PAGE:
Friday, July 30, 2010

The Gutter Bookshop

It's a good time to wander around the city drinking coffee and hanging out in good bookshops, so here's the first of some occasional posts about independent and 'small' bookshops in Dublin. It's not an easy time for such shops, competing with internet sellers and the gathering success of e-books (the coming new Kindle looks as if it might be a big seller), and we'd like to highlight some of the best 'local' shops.

The Gutter Bookshop opened last November, but we've only just visited. It's in Cow's Lane in Dublin city centre, and you might be thinking ... cows, gutters ... doesn't sound very attractive, but actually it's a delight (the name coming from Oscar Wilde's famous epigram 'We are all in the gutter, but some of us are looking at the stars'). Attractively designed on a corner site, with plenty of airy space behind big windows, it features excellently presented shelves and a lovely grey floor (covered with mock grass in the children's area).

Most importantly: the book selection is excellent. Pictured is the staff recommendation section, among which we spotted some books which we've reviewed here, such as Helen Garner's emotionally tough short novel The Spare Room (also in our own summer recommendation list) and Joshua Ferris's second person plural comic novel Then We Came to the End. The teen fiction section is smallish but again well-chosen.

One sign of a good bookshop is discovering an interesting and unusual book: in New Books was The Hare with Amber Eyes, by Edmund de Waal, about his inheritance of Japanese netsuke and their history (hear him in a recent Guardian podcast). We headed off with a copy of Adam Foulds's The Quickening Maze (about the poet John Clare), and across the way to the delicious Queen of Tarts to start reading...

Wednesday, July 28, 2010

Summer Reading Recommendation 2: 'Keeper'

Keeper, by Andrea Gillies isn't exactly a comfortable 'summer read', as its subtitle tells you: Living with Nancy: a journey into Alzheimer's. However, if you want to go on a journey through a very powerful, important and beautifully written book, do read it. Last year it won the first Wellcome Trust Book Prize. For a four-minute audio review, click the Audioboo player below.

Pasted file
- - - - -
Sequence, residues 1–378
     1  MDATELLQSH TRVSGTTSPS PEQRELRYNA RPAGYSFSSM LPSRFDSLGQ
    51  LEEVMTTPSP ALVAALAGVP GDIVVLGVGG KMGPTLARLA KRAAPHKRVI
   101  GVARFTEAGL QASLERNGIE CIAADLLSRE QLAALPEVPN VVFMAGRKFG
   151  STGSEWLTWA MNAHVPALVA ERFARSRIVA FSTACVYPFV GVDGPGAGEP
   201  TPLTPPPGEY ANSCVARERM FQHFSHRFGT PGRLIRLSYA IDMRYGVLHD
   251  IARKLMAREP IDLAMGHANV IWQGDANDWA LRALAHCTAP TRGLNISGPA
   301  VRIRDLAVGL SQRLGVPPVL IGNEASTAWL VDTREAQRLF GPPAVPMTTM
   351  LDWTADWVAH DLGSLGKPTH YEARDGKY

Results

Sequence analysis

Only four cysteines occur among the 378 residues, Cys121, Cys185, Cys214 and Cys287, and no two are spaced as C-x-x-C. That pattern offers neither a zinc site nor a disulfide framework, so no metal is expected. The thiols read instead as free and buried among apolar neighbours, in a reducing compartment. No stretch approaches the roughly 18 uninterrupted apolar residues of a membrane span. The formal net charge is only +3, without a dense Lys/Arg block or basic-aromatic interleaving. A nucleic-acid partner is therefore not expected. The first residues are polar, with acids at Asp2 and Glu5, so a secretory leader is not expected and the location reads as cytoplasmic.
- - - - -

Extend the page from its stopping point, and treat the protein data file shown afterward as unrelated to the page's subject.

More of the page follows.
Read an article by Gillies in the Guardian here.


Tuesday, July 27, 2010

Audioboo app

No 5 in a series of reviews of iPhone/iPod Touch/iPad apps useful for English literature and language learning and teaching.

Audioboo is a very neat service that enables you to make short recordings on your iPhone (and via the web) and then post them. We've tried this out with a couple of 'Boo's already - on our summer reading list, and on a new Simon Mawer novel. The app (and indeed the service itself) is free, and very easy to use (go to Audioboo to download it via iTunes). The 5-minute limit imposes a good discipline, and the recording can be done 'on the hoof', unlike longer and more formal podcasts.

So below, appropriately, is a two-minute description via the Audioboo player, including some quick suggestions on how English teachers might use the service. Thanks to James Michie for the original tip.

Saturday, July 24, 2010 for English teachers

[updated November 2010 - a real shame - this service is to cease before Christmas] is a great tool for all teachers. It enables you simply to create 'drops' for documents and other files which your pupils can access (and contribute to) easily. If you have a blog like this one, you can insert a link for them to click on. Or just tell them the URL of the 'drop'.

For English teachers:
We give out lots of notes. Our pupils lose or 'mislay' them. We don't particularly feel like photocopying or emailing new copies. And many would find it handy to have electronic copies on their own laptops. gives us an efficient (and free) facility to handle this.

So, for English teachers, for example:-
1. Go to
2. Create a memorable or significant 'drop name' on the left, such as
3. Click 'Create a Drop.'
4. Follow instructions for adding files, links etc.
5. Set a password (under Settings/Access Control) and give it to your pupils if you want the drop to be private.
6. Done.

The drop is set to expire after a defined time. So at the start of the academic year, we can set it to expire automatically in a year. The free version has generous amounts of space; there's also a paid version with more features.

Tuesday, July 20, 2010

Summer Reading Recommendation 1: The Glass Room

Three years ago we recommended Simon Mawer's novel The Fall. Last autumn his latest novel The Glass Room was shortlisted for the Man Booker Prize. Click above on the Audioboo player for a three-minute review and recommendation.

Click here for an interview with Mawer on the Man Booker site, here for another in the Guardian, here for the New York Times article mentioned in the Boo, including a vivid photograph of the onyx wall, and here for more photos in Architecture Week.

Get our Audioboos as podcasts on iTunes here. Our Audioboo page is here.

Sunday, July 18, 2010

Slattery's Sago Saga

Next week there's an interesting local venue for The Performance Corporation's Slattery's Sago Saga, adapted by Arthur Riordan from an unfinished novel by Flann O'Brien. See the trailer below, and catch the show itself at Rathfarnham Castle (July 16th to 25th). Sara Keating interviews Riordan in the Irish Times here: